The liability for breach of the pre-contractual duty of disclosure in the acquis cannot be clearly classified as part of contract law since, for example, even the directives in the field of competition law such as the Unfair Commercial Practices Directive (Dir 2005/29) establish duties of disclosure in favour of the consumer (information obligations (consumer contracts)). These duties do not only serve the individual interest of the party who has to be informed, but also protect the public interest in setting up market transparency. In the cases where duties of disclosure are infringed and no contract is subsequently formed, the legal consequences are also not clearly classified as part of contract or tort law.
In German legal practice, c.i.c. plays a major role in the field of public procurement law. Article 2(7) Dir 92/13 eases the burden of proof for the bidder who has been robbed of a ‘real chance of winning the contract’ because procurement law has been violated. The German legislature laid this standard down in § 126, 1 of the Act against Restraints of Competition (GWB) as a separate basis for a claim. It is not shaped as a fault-based liability claim but as one of strict liability. Additionally, the claim requires the threshold of § 100(1) GWB to be passed, and it is limited to damages related to the costs of preparing a bid or of participating in an award procedure. However, since further claims for damages are still allowed (§ 126, 2 GWB), German legal practice concerning the violation of public procurement law has not changed, because most claims are based on § 311(2) BGB. Therefore, no indication of a Europeanization of c.i.c. can be found in public procurement law, either.
5. Principles of contract law and the Common Frame of Reference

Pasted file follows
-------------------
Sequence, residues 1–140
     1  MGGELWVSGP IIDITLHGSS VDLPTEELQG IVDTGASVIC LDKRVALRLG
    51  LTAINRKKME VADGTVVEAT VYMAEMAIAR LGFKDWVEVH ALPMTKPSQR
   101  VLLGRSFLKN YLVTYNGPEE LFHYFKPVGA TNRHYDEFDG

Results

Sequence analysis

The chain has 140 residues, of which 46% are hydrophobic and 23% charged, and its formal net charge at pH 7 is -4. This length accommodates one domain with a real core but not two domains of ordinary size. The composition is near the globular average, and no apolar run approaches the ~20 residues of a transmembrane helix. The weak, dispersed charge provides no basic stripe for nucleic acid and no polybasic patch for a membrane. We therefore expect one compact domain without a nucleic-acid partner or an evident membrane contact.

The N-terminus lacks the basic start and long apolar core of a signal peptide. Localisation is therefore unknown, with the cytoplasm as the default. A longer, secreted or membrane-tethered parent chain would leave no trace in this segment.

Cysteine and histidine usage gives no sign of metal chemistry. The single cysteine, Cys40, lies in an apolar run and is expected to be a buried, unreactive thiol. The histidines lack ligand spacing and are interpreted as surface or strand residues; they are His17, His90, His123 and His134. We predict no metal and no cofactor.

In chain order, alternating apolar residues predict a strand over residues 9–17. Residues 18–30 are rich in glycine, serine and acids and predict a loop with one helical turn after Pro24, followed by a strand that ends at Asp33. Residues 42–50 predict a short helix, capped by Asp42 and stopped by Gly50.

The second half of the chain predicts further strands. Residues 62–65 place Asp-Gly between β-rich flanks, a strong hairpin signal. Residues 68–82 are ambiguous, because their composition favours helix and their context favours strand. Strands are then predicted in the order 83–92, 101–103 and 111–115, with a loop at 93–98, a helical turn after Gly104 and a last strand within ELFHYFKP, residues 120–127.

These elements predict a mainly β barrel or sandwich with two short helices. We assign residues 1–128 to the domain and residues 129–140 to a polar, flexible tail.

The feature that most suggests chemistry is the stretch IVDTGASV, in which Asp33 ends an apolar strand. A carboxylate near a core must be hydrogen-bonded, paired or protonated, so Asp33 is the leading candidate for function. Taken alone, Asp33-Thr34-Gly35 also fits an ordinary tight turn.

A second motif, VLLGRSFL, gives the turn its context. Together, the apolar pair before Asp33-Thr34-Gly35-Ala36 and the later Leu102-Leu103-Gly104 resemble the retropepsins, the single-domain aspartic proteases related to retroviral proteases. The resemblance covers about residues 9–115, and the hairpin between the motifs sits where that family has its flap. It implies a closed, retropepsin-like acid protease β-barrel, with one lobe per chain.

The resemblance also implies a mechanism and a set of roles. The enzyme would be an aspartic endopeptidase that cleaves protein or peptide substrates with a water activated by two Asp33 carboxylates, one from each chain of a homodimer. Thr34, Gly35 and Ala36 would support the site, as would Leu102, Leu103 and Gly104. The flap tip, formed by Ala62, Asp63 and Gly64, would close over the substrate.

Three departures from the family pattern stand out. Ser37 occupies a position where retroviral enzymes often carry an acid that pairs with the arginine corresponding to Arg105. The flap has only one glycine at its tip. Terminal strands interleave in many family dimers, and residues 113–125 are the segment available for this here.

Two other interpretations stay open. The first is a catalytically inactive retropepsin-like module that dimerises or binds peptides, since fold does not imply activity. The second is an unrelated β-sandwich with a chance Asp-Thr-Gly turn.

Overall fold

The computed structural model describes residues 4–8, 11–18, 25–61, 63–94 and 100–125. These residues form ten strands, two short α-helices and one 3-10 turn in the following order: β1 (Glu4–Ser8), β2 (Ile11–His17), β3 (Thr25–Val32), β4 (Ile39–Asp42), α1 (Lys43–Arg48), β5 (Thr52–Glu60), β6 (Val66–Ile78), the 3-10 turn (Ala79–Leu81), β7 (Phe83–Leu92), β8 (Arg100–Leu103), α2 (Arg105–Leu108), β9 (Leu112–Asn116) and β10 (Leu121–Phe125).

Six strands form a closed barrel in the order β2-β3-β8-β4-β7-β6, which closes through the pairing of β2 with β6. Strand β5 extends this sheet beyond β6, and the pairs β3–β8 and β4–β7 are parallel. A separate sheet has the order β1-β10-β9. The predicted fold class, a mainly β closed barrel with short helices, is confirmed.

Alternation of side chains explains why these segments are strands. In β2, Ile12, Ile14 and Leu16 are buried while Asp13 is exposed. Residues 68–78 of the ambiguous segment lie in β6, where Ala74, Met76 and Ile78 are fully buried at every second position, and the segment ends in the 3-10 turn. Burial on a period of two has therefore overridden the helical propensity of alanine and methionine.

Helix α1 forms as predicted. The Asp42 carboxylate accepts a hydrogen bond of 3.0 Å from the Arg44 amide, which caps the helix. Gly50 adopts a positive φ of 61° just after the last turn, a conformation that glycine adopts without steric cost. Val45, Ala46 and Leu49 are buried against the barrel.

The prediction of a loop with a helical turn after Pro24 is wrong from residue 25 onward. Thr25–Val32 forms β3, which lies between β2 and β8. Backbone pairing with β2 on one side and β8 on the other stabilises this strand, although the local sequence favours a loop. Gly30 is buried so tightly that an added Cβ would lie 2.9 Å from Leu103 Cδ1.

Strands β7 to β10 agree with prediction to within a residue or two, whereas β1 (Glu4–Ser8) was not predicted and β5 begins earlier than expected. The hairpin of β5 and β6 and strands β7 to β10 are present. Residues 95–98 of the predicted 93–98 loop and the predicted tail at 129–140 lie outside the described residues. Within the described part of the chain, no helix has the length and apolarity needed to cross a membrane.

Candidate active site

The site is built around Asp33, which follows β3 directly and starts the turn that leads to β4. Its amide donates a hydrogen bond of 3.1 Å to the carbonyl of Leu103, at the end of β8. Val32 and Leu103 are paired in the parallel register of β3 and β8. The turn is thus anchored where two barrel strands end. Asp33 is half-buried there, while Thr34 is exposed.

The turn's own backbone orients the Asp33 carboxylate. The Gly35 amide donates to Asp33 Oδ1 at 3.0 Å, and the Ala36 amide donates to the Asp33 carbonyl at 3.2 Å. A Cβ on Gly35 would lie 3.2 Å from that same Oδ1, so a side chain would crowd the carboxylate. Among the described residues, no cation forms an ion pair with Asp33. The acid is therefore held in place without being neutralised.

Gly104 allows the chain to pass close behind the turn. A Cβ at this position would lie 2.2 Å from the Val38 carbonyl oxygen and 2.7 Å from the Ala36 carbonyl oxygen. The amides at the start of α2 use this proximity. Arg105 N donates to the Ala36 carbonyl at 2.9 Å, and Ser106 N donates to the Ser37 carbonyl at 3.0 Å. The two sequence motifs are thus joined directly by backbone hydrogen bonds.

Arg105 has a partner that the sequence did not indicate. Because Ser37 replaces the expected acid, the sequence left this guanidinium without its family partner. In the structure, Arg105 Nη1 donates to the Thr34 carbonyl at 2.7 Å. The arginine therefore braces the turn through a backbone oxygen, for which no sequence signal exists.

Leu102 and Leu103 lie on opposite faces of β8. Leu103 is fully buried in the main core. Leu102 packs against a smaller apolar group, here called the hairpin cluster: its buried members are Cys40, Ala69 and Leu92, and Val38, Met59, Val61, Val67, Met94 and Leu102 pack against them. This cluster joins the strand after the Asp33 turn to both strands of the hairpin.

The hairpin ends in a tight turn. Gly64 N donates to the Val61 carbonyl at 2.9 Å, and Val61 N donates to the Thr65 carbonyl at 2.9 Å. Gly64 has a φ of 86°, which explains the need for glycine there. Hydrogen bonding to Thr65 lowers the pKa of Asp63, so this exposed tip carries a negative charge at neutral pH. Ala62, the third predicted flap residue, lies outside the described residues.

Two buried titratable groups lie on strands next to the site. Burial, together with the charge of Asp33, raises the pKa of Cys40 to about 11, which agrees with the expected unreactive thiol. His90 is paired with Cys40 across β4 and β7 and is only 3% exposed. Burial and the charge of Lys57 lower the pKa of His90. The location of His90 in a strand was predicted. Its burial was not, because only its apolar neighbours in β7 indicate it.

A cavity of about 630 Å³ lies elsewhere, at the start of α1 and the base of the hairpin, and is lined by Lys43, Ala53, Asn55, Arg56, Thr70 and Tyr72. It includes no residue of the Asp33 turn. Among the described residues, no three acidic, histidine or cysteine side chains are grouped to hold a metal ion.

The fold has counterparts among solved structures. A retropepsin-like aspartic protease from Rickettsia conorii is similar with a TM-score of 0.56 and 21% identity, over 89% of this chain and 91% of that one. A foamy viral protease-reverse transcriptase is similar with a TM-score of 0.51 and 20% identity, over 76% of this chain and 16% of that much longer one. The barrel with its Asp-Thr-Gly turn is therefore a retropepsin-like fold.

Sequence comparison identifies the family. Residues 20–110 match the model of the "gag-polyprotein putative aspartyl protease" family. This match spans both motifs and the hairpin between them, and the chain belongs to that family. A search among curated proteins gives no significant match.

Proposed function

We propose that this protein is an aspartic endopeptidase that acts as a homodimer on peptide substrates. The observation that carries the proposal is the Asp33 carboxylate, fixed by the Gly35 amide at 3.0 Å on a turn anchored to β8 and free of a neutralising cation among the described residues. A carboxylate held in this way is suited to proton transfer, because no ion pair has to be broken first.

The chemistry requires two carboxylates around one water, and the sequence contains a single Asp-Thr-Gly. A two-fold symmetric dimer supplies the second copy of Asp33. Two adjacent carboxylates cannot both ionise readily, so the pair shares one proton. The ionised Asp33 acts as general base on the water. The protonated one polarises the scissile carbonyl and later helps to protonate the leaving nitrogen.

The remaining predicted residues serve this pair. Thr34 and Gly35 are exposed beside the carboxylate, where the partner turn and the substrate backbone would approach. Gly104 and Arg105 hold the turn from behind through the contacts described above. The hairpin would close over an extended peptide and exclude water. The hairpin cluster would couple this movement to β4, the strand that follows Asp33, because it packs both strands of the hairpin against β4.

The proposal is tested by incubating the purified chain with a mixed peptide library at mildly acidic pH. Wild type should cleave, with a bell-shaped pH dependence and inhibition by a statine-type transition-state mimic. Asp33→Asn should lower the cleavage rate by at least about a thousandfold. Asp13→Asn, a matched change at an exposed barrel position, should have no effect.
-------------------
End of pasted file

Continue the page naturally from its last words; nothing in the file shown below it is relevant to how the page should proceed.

A closer affinity to German legal conceptions can be found in the field of ‘soft law’, ie in the Principles of European Contract Law (PECL). Article 2:301 PECL establishes a liability for the breaking-off of contractual negotiations if one party acts in bad faith, especially if it enters into negotiations or continues to negotiate without really wanting to form a contract (Art 2:301(2), (3) PECL). The UNIDROIT Principles of International Commercial Contracts (PICC) (Art 2.1.15 UNIDROIT PICC) have provisions that are almost identical with regard to content. Furthermore, both sets of model rules require the parties to maintain as confidential any information received from the other party in the course of negotiations (Art 2:302 PECL; Art 2.1.16 UNIDROIT PICC). Even though two of the most relevant case types of c.i.c. in German law are thus incorporated in these instruments, it must not be forgotten that, compared to German law, they are less differentiated and rather rudimentary. Other cases that are of great importance in legal practice such as pre-contractual liability for bodily harm are not incorporated at all. In sum, c.i.c. in the PECL and the UNIDROIT PICC has a much smaller scope of application than in German law. In 2009, the Draft Common Frame of Reference (DCFR) was presented which is modelled on the PECL and the UNIDROIT PICC. It contains rules concerning pre-contractual duties in Book II, Chapter 3 (Art II.-3:301(3) DCFR, liability for the breaking-off of contractual negotiations; Art II.-3:302 DCFR, confidential dealing with information). Article II.-3:101–107 establish duties of disclosure that are mainly based upon the acquis on consumer protection, and Art II.-3:201 DCFR makes it possible to correct input errors that occurred in the process of distance selling. All these duties are regulated in Book II on contract law and not in Book VI which concerns non-contractual obligations.